22 Sep 2023 World leisure: news, training & property
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Attractions Management
2023 issue 1

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Leisure Management - On the right track


On the right track

US theme parks are seeing growth again and with innovation in key areas, they could appeal to a wider clientele, according to new research. Mintel’s Mike Gallinari makes sense of the numbers

Universal is tapping into gaming IPs with the launch of Super Nintendo World photo: universal theme parks & resorts

It’s been a rollercoaster few years, but the US theme park industry is broadly back on track against its pre-pandemic growth trajectory, having generated an estimated US$22.9bn in revenue in 2022.

As parks reopened, sales rebounded from the pandemic decline, however, the recovery isn’t complete, as international travellers have yet to return in full. While only accounting for 10 to 20 per cent of guests, they tend to spend more than domestic guests on high-margin items; as a result, the full potential of theme park revenues is still waiting to be realised.

According to Mintel, year-on-year growth for theme park holidays is projected to be a little slower than in the years preceding the pandemic. The steadiness in growth, however, doesn’t mean the industry is without headwinds due to economic factors. Inflation continues to dog consumers, making them reconsider their discretionary spending.

Travel’s roaring rebound has brought about a reorganisation of holiday priorities, meaning theme park trips have been pushed down the list of desired options. So while theme park visitation has recovered in general, the rebound has come on the back of single-day visits, leaving multi-day trips with ground to make up.

Mintel’s consumer research confirms the challenges the industry faces. The reality is that for many, theme park holidays aren’t a top travel priority. Only 34 per cent of Americans say this would be one of their top five choices in the next year and in returning to travel, consumers are instead setting their sights on beach holidays and road trips.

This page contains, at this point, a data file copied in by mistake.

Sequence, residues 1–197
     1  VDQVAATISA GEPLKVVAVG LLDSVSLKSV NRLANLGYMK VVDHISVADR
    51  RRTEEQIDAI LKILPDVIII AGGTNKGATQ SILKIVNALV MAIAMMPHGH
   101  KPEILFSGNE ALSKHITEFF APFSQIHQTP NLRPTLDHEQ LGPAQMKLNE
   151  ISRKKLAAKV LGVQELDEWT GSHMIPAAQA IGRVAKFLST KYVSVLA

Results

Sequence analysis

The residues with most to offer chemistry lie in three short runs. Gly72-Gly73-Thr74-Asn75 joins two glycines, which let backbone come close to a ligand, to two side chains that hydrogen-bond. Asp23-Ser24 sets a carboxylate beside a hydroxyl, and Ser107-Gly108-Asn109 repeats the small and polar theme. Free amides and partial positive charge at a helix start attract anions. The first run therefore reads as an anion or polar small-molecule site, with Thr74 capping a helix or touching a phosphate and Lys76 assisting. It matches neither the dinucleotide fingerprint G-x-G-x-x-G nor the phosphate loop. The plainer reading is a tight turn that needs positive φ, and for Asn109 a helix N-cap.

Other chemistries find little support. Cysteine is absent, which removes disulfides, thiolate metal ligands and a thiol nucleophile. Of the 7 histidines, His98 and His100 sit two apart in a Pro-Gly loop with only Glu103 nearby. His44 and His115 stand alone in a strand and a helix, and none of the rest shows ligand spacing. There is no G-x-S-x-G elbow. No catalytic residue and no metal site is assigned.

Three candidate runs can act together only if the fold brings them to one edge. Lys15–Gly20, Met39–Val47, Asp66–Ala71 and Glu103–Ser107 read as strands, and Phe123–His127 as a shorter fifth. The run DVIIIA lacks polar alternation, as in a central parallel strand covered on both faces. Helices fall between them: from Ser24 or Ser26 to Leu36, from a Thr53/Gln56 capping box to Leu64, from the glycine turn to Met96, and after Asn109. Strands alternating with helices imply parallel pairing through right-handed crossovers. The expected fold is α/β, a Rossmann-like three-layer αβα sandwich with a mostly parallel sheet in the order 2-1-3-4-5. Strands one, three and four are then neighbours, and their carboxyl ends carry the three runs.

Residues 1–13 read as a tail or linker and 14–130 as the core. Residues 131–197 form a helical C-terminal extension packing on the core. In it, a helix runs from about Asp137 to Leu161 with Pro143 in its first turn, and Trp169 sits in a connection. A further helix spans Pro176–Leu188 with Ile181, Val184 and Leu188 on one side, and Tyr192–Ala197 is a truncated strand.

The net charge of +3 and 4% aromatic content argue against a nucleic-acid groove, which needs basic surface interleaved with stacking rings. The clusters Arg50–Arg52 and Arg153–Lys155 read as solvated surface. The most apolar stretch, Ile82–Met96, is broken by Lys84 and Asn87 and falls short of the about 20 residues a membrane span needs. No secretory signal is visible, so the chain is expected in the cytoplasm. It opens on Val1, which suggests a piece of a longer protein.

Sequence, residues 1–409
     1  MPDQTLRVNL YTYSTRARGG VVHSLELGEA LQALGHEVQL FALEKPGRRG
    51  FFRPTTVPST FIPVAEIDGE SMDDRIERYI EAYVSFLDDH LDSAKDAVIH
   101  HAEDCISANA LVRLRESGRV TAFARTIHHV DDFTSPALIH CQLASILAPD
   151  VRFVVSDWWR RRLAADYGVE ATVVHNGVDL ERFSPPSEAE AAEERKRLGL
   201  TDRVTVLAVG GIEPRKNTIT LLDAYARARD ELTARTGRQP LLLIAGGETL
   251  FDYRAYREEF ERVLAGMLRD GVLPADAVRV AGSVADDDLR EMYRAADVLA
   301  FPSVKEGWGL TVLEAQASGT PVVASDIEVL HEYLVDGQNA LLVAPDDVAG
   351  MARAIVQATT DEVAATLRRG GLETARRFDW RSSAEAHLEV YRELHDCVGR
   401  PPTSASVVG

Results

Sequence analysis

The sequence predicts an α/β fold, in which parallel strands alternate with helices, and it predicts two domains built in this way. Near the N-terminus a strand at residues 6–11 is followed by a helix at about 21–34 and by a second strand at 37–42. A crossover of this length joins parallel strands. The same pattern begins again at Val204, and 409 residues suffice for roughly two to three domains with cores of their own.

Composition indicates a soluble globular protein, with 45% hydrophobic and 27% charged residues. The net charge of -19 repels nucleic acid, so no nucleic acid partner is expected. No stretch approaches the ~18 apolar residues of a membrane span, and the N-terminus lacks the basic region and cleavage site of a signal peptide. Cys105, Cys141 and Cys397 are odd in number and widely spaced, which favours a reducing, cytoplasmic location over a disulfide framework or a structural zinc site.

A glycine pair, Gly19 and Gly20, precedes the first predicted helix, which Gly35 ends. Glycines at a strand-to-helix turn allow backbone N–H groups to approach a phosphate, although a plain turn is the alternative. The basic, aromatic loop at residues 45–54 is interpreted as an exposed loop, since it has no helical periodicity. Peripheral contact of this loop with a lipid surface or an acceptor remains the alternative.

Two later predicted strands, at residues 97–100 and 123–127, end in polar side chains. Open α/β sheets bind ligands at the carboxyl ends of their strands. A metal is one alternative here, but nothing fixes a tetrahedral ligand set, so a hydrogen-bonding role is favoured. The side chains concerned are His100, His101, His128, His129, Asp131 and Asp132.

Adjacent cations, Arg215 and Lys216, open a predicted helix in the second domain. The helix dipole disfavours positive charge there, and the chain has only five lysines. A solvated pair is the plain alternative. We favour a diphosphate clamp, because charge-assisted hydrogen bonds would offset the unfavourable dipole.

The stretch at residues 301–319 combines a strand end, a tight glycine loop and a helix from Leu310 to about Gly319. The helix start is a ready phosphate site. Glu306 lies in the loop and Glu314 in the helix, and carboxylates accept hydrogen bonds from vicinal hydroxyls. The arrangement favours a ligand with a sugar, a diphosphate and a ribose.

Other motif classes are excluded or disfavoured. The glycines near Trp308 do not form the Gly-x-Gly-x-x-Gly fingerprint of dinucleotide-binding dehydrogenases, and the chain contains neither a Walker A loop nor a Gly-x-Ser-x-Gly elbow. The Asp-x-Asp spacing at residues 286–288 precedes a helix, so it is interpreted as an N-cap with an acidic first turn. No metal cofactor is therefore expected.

Theme park visits are also considered a big undertaking by some. Among travellers considering this kind of holiday, 76 per cent say such trips are expensive and nearly half say they’re exhausting to plan, so making the experience more frictionless could help business.

Game-inspired attractions represent a largely unrealised IP at theme parks, which have historically been built on the back of movie properties, harking back to Disneyland’s leaning on its animated film characters.

Just as media has evolved in the years since that park’s opening in 1955, so too have media preferences. To this end, potential theme park vacationers say that video game IPs (39 per cent) are second only to movies (47 per cent) when it comes to seeing IP-inspired rides and attractions in parks. With relatively few video game IPs appearing in theme parks, there’s potential for partnerships, such as that being undertaken by Universal with its Super Nintendo World launches.

Prospective visitors were also asked about secondary spend. Fast pass/line skipping (56 per cent) took priority, followed by dining/drink deals (52 per cent) and early entry (44 per cent).

These responses show holidaymakers aren’t just concerned with moving through the park quickly; otherwise, early entry would hold more weight. Rather, they’re thinking about the quality of their visit. A park-affiliated travel provider that can provide for this will be more appealing to travellers.

Offering deals on fast passes or early entry could convince guests to choose to stay on-property, as opposed to in cheaper, unaffiliated hotels. The same can be said for offering in-park dining credits, which can be appealing given that over half (58 per cent) of the sample say they’d rather eat at the park than at an affiliated hotel.

All these changes will help parks to increasingly welcome back greater numbers of theme park travellers as the market continues to strengthen.

Mintel’s Mike Gallinari

Originally published in Attractions Management 2023 issue 1

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